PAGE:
Your university applications are submitted and it’s time to sit back and wait for the offers to come pouring in, right?
Well, maybe. But it’s also possible that you will be invited to interview with admissions representatives, current students, or alumni.
Sometimes these interviews are required, and sometimes they’re not. If you’re invited for an optional interview, should you do it? Yes. Interviewing with the school demonstrates interest. It tells the university that you are likely to select their school if they extend an offer, which increases your chances of being offered admission. This is especially true if you are a “bubble” student (a student who has a 50/50 chance of being admitted).
So, what do you do? How do you prepare? Follow this guide.
Step 1 - Write out your responses to these questions:
1) What do I want to study and why?
2) Why do I want to attend University X?
You will certainly be asked these questions, so have your answers on lock-down. I suggest you write your answers down so that you fully develop your responses and think through your reasoning completely.
There are no wrong answers to these questions; instead, admissions officers are most interested in your examples - the stories you tell that support your responses.
What do I mean by this?
If an interviewer asks you question number one from the list above, your response might be “Mathematics.” But this doesn’t actually say anything about you. It doesn’t allow the interviewer to understand you and your interests (which is why they are interviewing you!).
A better response is, “I want to study mathematics because I like solving problems, and I like knowing I have found the correct answer.” And, better yet, you could (and should) include a story that supports your response. “I have always enjoyed mathematics because it allows me to solve problems and to know with certainty that I have found the correct answer. Aside from my simple enjoyment of the subject, however, I also find math to be a very useful discipline. For example, I am a founding member of my high school’s astronomy club, and math has helped me with the technical aspects of tracking the night sky.”
Step 2 - Create a list of 3-5 things you want to discuss during your interview
These are your strong points, so you definitely want to discuss them during your interview. I know it seems like you will simply remember to mention them, right? Well, not always. Plus, having a firm list in your mind (with examples!) will help you answer a variety of questions. So no matter what the interviewer asks, you will be prepared. Think about your top personal qualities, your top personal values, the challenges you’ve overcome, and the achievements you’ve met.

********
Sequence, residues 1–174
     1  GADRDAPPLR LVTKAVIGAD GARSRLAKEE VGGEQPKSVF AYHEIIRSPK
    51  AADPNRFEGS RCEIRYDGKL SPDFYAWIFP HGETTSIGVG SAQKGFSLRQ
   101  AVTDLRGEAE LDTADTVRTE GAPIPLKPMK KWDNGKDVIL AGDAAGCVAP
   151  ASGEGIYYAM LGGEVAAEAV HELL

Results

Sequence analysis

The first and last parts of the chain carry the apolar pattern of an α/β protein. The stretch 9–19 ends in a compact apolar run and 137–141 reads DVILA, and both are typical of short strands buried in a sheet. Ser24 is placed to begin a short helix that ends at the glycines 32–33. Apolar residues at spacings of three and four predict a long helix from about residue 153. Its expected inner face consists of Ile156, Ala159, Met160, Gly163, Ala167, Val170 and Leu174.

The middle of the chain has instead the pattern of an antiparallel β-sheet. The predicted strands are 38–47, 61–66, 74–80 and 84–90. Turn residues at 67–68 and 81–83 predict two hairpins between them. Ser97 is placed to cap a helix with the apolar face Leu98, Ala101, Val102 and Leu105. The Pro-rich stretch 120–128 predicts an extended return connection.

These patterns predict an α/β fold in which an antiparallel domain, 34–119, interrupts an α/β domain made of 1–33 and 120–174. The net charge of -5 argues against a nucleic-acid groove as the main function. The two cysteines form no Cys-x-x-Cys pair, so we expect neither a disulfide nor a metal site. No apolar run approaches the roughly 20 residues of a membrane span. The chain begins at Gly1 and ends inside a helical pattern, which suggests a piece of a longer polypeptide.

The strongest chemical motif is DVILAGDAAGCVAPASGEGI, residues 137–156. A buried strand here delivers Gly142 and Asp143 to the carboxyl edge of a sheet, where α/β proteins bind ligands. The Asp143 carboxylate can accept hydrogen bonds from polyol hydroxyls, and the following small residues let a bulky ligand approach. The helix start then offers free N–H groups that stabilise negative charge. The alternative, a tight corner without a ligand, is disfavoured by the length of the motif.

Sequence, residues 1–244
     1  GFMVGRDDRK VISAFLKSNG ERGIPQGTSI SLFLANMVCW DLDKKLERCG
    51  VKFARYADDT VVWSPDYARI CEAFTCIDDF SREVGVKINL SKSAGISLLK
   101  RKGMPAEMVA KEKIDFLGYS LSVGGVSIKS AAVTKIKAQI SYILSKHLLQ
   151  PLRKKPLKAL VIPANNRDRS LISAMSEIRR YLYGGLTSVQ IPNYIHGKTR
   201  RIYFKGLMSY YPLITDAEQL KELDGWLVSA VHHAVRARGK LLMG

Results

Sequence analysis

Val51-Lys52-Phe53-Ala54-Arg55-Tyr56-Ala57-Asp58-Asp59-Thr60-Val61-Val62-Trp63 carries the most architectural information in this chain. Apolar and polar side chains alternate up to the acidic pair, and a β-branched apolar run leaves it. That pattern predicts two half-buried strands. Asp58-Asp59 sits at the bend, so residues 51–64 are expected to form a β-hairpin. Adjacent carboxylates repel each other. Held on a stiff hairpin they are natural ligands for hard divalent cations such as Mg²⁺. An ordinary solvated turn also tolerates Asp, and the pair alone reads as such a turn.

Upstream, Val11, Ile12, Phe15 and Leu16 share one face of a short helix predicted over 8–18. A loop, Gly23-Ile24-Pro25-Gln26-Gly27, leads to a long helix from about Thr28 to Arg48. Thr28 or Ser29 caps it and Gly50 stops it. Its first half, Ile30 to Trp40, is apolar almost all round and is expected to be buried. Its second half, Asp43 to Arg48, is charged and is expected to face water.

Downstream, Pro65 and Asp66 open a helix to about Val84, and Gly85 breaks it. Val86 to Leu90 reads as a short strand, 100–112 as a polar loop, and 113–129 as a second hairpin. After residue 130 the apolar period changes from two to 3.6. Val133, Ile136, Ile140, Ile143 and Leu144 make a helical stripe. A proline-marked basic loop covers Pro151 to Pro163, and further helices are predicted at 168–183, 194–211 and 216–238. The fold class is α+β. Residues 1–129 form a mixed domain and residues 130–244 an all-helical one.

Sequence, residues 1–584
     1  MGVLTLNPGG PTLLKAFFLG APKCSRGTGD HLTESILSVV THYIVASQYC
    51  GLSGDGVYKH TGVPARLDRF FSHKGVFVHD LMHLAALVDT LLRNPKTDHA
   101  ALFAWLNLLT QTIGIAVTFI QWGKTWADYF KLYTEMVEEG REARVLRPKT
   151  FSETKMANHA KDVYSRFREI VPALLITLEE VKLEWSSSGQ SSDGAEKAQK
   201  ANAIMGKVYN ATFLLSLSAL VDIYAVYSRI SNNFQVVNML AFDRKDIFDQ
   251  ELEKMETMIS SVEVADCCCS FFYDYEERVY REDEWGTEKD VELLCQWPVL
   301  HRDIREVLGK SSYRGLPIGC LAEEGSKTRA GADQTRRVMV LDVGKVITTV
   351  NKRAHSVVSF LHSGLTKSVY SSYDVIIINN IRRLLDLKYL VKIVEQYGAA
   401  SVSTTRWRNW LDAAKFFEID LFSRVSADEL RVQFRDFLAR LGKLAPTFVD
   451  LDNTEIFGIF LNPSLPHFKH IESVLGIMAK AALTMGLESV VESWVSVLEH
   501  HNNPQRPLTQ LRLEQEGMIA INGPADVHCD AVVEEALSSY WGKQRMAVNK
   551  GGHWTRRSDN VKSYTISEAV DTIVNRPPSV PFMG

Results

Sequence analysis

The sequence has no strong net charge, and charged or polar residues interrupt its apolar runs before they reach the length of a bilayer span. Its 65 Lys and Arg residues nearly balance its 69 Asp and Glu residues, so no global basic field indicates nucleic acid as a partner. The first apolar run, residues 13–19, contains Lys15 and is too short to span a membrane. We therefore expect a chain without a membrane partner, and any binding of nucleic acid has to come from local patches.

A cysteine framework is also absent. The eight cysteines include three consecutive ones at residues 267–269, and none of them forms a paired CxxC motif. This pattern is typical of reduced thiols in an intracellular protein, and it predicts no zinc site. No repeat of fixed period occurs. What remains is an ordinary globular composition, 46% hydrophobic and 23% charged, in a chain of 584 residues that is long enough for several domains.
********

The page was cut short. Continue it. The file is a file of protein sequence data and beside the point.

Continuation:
If you don’t immediately know what you want to include in your list, do this:
-Ask your friends and family what they like about you. Ask what they feel are your strengths. What do they think is impressive and/or inspirational about you?
-Write a list of EVERYTHING you want universities to know about you.
-Narrow all of these things down to your top 3-5.
When you have completed your list, add supporting examples and stories.
In other words, don’t just include “I spent the summer interning at a bank.” Include your challenges and accomplishments. “Although I initially was not given much responsibility, after the first month, I showed interest and maturity by speaking to my supervisor about my desire to learn and do more. After shadowing her for two weeks, I was then given the responsibility of assisting clients with a range of transactions.”
Step 3 - Prepare questions to ask the interviewer
Asking questions of your interviewer shows that you are truly interested in the university. You want to write out a list of questions (you can even bring the list to the interview) that does three things:
1. Shows that you've done your research on the school.
You do not want to ask questions that are easily answered on the school website. If it seems as though you have not done your research, the interviewer will assume you are not interested in matriculating with their institution. Instead, show off your research by discussing programs, classes, professors, clubs, etc. that you are interested in learning from and/or joining. The more specific your questions are, the better.
2. Demonstrates interest in your major or degree program.
Along the same lines as number one, ask questions about your major or degree program. When possible, ask questions that show off the discipline-specific knowledge you already have. If you are applying for a mechanical engineering program, for example, you might ask about the subfield experience you would receive as a member of one of their EECS clubs.
3. Creates a personal connection between you and the interviewer.
Remember, your interviewer is a real person. Connect with them to leave a lasting and positive impression. Ask them personal questions about their experiences with the university.
Step 4 - Practice, practice, practice
Finally, when you feel prepared to discuss your strengths and interests, and you have assembled a number of examples to support your points, hold some practice interviews. Print off a list of common interview questions (you can find my massive list here) and have your friends and family members ask you questions at random. As you answer, practice incorporating items and examples from Step 2. The more you practice, the more comfortable you will be on interview day.
Or, if you want help from an expert, contact World Awaits to set up mock-interview practice. The feedback and advice will set you up for an amazing, enjoyable experience and get you one step closer to admission.
Good luck, applicants!